So how did I get my pictures? Well the great thing about stencils is that they can be used again and again, and within a couple of days, John D’oh had returned and repainted the piece (you can see the white paint that had been used to buff the original). Who buffed it in the first place and why, well we might never know, but all’s well that ends well.
This piece has been lurking in my archives for quite a long time now, but what better time to dig it out than right now? It is of course by the brilliant political commentator John D’oh and was created back in July 2016, and who’d have thought after all this time we’d still be caught up in a Boris Johnson circus?
The Michael referred to in this witty Forrest Gump pastiche would of course be Gove, and surprise, surprise here they both are making headlines in the contest for leadership of the Conservative Party. What a dismal mess this country is in, and what a sad indictment that the leader of our country will be chosen not by the electorate, but by a small number of fee-paying conservatives. There is no hope other than that the appointment of a clown for PM might just bury the Tories for the next 15 years.
It is galling that the mess we are in was not created in the aspiration to make life in the UK better for all, but simply to shore up the division in the Conservative party, and guess what, they F*cked that up good and proper as well.
Back to Bristol now, after a short excursion to London, and a more familiar street art scene altogether. This is the second of two recent finds by John D’oh in Horfield skate park. I suppose it is possible that they were produced around the same time.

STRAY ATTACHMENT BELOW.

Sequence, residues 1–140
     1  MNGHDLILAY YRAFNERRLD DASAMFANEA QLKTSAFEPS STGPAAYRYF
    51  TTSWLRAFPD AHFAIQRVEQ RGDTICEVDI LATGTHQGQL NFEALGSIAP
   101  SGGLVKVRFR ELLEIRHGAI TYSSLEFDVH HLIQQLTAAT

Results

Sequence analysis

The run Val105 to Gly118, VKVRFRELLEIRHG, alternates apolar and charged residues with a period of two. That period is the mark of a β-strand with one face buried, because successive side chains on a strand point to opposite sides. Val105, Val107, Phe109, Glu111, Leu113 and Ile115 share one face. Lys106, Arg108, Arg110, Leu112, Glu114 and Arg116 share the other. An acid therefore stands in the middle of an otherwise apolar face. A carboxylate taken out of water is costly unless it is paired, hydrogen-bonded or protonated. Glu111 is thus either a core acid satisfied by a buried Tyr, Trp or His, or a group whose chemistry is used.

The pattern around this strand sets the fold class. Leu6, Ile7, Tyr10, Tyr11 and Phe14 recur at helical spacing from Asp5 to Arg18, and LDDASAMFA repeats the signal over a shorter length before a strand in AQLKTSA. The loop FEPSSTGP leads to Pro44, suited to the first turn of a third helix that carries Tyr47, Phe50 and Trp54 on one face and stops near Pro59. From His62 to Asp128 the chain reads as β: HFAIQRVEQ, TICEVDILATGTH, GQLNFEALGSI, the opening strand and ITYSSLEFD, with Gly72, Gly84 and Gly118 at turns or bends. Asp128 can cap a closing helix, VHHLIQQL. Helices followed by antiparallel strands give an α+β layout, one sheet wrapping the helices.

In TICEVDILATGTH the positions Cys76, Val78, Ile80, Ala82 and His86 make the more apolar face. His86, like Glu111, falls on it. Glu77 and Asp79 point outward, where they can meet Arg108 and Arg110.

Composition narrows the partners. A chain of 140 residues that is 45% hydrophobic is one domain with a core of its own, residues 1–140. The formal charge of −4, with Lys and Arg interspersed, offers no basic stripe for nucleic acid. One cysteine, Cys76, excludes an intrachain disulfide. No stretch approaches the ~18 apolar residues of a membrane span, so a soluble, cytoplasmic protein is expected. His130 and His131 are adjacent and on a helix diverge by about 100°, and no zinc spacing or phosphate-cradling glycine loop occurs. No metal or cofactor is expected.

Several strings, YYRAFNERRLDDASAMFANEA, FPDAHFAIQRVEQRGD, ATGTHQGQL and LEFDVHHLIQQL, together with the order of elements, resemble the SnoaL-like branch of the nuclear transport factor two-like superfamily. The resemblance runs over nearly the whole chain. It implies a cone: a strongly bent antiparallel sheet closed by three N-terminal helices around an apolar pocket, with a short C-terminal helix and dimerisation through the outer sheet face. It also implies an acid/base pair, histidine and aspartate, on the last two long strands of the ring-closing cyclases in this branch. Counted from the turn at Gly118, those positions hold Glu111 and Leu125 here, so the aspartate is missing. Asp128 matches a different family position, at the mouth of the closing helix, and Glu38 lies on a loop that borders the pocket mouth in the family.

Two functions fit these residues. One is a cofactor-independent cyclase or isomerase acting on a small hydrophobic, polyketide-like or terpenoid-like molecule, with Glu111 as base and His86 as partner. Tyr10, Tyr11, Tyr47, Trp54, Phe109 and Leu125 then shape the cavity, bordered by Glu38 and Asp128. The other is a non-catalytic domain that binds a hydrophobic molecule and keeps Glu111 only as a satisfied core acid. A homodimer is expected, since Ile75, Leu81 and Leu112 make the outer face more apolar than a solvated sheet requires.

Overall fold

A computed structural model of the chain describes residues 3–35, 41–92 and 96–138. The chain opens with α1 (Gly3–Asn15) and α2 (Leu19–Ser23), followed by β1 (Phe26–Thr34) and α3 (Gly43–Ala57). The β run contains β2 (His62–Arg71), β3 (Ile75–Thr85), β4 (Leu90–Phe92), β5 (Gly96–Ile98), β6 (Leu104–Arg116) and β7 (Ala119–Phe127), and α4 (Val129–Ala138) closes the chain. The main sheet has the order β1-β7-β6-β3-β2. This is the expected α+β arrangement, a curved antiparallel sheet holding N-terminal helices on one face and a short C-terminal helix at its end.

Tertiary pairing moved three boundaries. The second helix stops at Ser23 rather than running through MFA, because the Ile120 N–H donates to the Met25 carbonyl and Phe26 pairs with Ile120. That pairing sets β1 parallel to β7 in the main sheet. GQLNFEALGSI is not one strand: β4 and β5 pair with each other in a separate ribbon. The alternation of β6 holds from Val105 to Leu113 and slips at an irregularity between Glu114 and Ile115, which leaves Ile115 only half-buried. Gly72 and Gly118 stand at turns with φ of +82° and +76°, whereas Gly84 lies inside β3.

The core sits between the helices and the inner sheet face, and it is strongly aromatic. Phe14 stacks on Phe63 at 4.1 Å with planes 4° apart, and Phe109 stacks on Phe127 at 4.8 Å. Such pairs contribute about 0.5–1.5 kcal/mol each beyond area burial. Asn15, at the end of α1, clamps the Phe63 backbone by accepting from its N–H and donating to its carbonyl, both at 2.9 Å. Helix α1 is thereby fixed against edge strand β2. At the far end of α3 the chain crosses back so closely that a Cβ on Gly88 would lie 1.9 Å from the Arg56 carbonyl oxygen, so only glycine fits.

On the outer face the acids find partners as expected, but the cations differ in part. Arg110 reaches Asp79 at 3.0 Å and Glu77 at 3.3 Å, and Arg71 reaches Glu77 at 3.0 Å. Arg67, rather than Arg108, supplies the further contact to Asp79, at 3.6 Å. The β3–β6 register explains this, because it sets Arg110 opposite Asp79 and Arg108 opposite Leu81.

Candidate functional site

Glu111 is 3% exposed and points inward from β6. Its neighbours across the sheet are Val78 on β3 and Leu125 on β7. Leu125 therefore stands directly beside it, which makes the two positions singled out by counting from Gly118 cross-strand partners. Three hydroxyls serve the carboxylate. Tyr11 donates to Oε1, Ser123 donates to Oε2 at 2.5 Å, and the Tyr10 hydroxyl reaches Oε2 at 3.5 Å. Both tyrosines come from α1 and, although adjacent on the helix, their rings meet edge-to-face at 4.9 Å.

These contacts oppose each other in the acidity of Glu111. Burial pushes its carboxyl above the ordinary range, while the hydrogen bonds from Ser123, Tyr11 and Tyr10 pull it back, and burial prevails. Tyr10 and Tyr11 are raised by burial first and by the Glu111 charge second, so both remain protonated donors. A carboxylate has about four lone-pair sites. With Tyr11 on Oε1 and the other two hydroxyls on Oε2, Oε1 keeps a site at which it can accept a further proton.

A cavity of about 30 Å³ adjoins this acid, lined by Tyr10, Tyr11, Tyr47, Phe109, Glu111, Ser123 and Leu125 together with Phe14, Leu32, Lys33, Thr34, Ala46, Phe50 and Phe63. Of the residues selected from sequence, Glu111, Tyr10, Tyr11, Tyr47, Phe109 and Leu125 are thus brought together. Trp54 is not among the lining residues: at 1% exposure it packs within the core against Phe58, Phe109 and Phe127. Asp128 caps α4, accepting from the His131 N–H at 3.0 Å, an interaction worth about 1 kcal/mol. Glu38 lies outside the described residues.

This stencil features Batman and a quote from John D’oh that reads ‘I son’t want Michael Gove as Prime Minister I want Batman AKA Jeremy Corbyn’. This is in reference to a televised speech made by Michael Gove in which the automated subtitles said Batman instead of ‘that man’ when he was talking about the leader of the opposition. Very funny really, and great work from John D’oh to capture it in this way. I think we’d all prefer Batman to any of the potential candidates in the Tory party right now. What an utter shower of toxic right-wingers.
I don’t head up to Horfield skate park very often, as I consider the turnover of street art and graffiti there to be pretty low and it doesn’t seem to be a particularly favoured spot for many artists. I was delighted therefore to be rewarded on a rare trip on Good Friday with this magnificent stencil by John D’oh.
The stencil works for me so very very well. It shows the unspeakably toxic Jacob Rees-Mogg standing behind Theresa May who appears to be his ventriloquist’s dummy. Brilliantly funny but also it speaks volumes about how so many of us feel about the way the European Research Group (ERG – what kind of name is that anyway? Research? swap the word ‘research’ for ‘hating’ and you might get a sense of what they’re all about) have been holding May hostage throughout Brexit negotiations. Their hard-line and uncompromising Brexit desires, and her determination to hold the Conservative party together, mean that they have dictated the terms of the failed negotiations, along with the jaw-droppingly selfish DUP.
Rees-Mogg represents everything I dislike about self-interested politicians who do not serve their people, but rather manipulate narratives that appeal to under-represented groups. I would guess he also cares more about his income security (and growth) than he does about the pressing fate of our planet. I suspect he shares Owen Patterson’s loathing of the environmental movement that might, just might, interfere with their comfortable lives for the sake of trying to reverse the shocking state of carbon emissions and biodiversity loss.
Thank you John D’oh for giving us this fabulous visual reminder of just how disgraceful the political class (and indeed party politics in general) are in the UK.